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Antonio Brown Is Not The Villain in His Own Story

Antonio Brown Is Not The Villain in His Own Story
In partnership with Athletic Intelligence Measures, The 33rd Team features a weekly article on Sports Psychology and its effect on performance within the sport of football.
Each week, we discuss an important aspect of Sports Psychology with Dr. Goldman that can help football coaches, management, and player personnel learn what Sports Psychology really is, and learn how best to put it into practice.

When Antonio Brown walked off the field midway through the third quarter of Sunday’s game against the New York Jets, many media members and fans suggested that Brown’s season, and career, were likely over.

But Brown’s career has seemingly been on life support before, and there are very likely many teams around the NFL having a discussion about whether or not it would be worth it to inquire about bringing him on to the team. After all, there is no doubt that he is a Hall of Fame-caliber player at his peak.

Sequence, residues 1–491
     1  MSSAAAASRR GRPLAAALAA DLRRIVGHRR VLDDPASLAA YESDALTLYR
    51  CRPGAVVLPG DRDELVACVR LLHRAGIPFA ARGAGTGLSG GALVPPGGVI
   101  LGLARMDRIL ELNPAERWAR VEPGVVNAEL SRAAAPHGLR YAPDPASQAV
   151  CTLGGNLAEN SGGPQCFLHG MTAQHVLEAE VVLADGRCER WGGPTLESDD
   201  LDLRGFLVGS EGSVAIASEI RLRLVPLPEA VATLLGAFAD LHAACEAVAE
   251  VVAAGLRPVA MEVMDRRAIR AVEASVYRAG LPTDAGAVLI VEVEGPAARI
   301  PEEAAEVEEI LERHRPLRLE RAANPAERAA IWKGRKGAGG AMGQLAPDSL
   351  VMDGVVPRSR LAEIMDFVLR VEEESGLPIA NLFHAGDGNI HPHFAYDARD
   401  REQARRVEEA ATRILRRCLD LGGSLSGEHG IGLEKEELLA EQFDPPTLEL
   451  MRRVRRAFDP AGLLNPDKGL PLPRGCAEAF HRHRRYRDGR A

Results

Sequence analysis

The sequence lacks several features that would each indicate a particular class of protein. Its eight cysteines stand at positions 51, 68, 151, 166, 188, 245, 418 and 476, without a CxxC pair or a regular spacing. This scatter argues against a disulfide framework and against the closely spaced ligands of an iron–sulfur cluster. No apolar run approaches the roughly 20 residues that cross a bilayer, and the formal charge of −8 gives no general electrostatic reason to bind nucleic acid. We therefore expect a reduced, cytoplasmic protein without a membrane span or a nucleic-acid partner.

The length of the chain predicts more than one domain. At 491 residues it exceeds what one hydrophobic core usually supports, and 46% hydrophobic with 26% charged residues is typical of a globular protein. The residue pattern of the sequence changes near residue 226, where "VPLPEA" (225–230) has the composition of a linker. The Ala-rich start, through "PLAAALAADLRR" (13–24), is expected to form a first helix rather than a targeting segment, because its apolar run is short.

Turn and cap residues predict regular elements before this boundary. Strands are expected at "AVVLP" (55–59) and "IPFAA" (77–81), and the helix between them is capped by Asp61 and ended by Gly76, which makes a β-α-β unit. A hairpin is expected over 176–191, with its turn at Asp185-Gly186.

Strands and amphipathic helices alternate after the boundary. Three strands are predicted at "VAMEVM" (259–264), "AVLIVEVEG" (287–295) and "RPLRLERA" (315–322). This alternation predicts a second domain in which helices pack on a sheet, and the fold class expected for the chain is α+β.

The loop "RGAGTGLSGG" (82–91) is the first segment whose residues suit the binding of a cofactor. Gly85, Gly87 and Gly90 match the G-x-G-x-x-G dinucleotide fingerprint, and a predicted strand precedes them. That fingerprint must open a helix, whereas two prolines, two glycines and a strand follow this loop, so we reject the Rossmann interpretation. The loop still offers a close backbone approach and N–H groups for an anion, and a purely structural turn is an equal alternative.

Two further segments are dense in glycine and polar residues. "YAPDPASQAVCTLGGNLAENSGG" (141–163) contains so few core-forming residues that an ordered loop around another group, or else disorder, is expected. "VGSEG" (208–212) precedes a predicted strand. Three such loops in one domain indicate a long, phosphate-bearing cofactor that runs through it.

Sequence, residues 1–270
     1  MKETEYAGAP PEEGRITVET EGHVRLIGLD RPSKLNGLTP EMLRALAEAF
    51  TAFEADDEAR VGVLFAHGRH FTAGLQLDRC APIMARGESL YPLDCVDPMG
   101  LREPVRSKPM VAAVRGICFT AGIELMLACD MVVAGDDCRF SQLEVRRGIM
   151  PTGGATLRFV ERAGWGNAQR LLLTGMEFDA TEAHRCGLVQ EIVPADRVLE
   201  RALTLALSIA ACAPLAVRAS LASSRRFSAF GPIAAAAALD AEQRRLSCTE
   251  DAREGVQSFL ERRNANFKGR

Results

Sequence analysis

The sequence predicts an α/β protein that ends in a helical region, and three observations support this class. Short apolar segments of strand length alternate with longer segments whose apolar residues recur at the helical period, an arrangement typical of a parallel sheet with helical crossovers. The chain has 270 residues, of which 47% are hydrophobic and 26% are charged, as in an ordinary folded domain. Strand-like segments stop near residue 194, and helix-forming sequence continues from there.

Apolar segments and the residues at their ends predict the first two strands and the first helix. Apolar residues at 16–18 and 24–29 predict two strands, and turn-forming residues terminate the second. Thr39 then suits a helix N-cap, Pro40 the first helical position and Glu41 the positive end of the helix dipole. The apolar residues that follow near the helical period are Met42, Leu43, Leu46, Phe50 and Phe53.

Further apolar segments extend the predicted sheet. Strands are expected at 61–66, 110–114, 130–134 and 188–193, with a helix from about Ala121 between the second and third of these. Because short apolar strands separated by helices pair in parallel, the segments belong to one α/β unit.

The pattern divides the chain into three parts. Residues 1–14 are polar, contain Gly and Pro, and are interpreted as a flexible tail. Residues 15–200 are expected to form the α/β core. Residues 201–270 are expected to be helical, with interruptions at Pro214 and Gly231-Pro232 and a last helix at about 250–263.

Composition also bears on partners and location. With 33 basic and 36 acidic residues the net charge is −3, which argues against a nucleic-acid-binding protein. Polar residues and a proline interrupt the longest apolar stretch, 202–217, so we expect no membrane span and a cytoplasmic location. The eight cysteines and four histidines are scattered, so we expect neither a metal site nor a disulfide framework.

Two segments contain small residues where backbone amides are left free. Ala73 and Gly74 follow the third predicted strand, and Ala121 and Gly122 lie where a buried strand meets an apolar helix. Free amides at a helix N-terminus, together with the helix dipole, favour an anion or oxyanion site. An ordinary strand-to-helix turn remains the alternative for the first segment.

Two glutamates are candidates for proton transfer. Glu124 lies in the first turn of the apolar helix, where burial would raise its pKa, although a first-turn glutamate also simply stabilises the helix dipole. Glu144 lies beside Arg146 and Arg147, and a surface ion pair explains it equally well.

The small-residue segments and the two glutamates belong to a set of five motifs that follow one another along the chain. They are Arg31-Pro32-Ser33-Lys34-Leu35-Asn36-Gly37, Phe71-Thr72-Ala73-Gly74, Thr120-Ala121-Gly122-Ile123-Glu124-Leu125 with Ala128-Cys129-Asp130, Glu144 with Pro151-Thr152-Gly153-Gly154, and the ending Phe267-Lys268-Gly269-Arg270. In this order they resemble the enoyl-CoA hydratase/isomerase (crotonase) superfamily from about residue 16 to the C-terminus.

To achieve some type of deeper understanding surrounding the situation, we reached out to Dr. Scott Goldman, of Athletic Intelligence Measures, who has significant experience working with elite athletes and helping professional sports organizations gain a better understanding of their athletes’ actions and the rationale behind them.

Dr. Goldman has never personally treated Antonio Brown, and he would not be able to discuss his mental health if he had, as it would be a violation of confidentiality and privacy. But Dr. Goldman was able to give an important perspective of how he helped navigate situations with historical parallels in the past.

Q: When you saw the news that Antonio Brown had walked off the field midway through his game on Sunday, what were your thoughts? 

Dr. Goldman: When I saw it, my initial thought was that this is an event that people are going to talk about and express a lot of opinions about despite the fact that very few people will actually know what’s really going on.

Every media outlet and fan is going to have a statement about it and try to interpret it, but few are going to try to understand all the angles of it.

Q: How important is it to understand the “Why” behind Brown’s actions in this situation?